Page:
Following your own rules for discipline, promotion and evaluation is the best defense against a discrimination lawsuit. But that doesn’t mean you can’t make exceptions to your rules when the situation calls for it.
Just make sure that you document why you made the exception at the time you did. That way, you can later explain what happened.
Recent case: Keith worked as a professor of mathematics at Kutztown University. He earned good reviews on his first contract renewal evaluation. The next round, the reviews were mixed, with some evaluators scoring him very poorly on several measures, such as student engagement. When it was time for a tenure decision, he was rejected.
Keith sued, alleging sex discrimination. He claimed that female math professors got tenure without having published as many papers or attended as many conferences as he had. Plus, he argued that publications were one of the specific things the university listed as a requirement for receiving tenure.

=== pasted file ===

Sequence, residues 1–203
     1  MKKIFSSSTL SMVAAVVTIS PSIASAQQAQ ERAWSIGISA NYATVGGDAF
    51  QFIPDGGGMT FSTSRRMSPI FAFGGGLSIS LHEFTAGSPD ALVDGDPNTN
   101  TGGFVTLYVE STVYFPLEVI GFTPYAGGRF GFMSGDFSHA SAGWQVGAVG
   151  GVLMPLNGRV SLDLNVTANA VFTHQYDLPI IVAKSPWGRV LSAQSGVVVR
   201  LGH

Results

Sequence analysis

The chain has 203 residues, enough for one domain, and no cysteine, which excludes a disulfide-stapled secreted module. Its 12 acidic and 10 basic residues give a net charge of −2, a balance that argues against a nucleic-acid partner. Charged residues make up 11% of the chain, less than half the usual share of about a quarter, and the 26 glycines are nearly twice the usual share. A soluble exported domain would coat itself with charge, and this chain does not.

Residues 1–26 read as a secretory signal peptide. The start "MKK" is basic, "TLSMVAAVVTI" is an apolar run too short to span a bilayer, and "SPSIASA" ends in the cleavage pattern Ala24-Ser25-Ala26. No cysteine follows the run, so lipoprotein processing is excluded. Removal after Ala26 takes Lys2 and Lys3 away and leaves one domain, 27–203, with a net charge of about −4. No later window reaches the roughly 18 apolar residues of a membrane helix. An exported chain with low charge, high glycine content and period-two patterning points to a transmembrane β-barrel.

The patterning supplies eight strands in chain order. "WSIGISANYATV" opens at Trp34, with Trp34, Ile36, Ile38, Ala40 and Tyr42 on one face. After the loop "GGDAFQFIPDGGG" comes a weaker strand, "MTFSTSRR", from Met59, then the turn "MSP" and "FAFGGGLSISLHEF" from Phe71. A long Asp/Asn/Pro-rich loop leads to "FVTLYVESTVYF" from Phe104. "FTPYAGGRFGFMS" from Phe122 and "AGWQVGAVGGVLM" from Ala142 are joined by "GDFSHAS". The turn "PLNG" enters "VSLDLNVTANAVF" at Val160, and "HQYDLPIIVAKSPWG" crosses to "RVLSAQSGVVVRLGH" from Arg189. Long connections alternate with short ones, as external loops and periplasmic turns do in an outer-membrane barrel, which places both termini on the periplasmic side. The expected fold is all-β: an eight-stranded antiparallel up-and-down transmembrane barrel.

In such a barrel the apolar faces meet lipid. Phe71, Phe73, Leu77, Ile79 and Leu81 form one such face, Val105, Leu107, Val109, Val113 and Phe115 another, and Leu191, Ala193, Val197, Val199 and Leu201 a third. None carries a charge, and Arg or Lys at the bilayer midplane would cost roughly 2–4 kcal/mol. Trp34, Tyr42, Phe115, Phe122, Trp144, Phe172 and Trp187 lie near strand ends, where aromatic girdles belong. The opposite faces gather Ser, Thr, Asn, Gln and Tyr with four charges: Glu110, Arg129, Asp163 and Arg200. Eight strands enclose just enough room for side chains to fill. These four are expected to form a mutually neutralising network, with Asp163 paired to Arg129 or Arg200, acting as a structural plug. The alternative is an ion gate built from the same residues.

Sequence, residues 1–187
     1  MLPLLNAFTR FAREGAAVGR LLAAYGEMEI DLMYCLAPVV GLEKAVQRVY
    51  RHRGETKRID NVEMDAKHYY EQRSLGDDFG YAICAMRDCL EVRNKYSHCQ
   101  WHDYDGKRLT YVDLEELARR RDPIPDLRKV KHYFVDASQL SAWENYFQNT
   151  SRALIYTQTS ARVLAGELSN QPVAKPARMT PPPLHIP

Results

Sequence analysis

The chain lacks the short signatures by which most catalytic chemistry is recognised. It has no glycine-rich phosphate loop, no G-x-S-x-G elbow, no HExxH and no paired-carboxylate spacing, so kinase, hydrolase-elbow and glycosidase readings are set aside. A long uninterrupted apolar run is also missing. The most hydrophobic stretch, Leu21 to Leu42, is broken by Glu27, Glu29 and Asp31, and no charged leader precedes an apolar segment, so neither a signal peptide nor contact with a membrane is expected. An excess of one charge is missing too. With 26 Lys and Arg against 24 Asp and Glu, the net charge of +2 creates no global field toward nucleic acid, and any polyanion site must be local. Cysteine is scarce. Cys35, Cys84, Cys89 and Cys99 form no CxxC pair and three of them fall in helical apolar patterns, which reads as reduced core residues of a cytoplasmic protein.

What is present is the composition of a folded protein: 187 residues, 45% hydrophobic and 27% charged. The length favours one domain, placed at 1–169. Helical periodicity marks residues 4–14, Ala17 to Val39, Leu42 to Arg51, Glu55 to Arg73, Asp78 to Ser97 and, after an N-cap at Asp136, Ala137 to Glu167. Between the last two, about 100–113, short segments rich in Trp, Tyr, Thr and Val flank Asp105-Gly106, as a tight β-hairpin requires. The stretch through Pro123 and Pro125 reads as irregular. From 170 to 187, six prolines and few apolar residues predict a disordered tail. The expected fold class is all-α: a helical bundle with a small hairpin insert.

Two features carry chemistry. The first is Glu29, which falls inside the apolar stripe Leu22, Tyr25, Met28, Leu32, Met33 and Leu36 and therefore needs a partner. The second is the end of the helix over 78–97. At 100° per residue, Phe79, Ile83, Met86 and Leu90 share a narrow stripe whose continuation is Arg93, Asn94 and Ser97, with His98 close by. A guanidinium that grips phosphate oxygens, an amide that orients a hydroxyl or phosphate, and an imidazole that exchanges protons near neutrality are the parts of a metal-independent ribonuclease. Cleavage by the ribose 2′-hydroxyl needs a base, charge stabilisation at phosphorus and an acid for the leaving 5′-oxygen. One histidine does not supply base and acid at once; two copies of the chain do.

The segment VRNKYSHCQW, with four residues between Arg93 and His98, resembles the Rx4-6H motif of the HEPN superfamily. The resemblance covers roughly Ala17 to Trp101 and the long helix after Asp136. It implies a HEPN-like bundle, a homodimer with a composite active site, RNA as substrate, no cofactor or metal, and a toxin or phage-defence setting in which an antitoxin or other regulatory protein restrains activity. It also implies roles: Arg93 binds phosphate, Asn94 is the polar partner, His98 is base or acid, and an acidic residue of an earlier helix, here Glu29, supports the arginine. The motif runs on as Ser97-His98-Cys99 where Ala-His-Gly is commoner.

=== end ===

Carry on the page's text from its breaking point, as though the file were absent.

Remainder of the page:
The university countered that it had granted tenure to six math professors in recent years, half women and half men. Tenure records showed that the three promoted women didn’t have extensive publication histories. However, the committee had instead considered their student engagement ratings and classroom work as substitutes for academic publishing.
The court said that explanation was reasonable and didn’t prove that Keith was rejected due to his gender. (Kull v. Kutztown University, No. 13-1600, 3rd Cir., 2013)
- How to Fire an Employee the Legal Way: 6 Termination Guidelines
- Stop harassment suits before they start! Follow up with employees after every complaint
- Pull up a chair: You must have ADA accommodations talk with disabled employees
- Be consistent: Don't slap harasser on wrist, then fire victim
- No private 'do-over' if applicant flunks test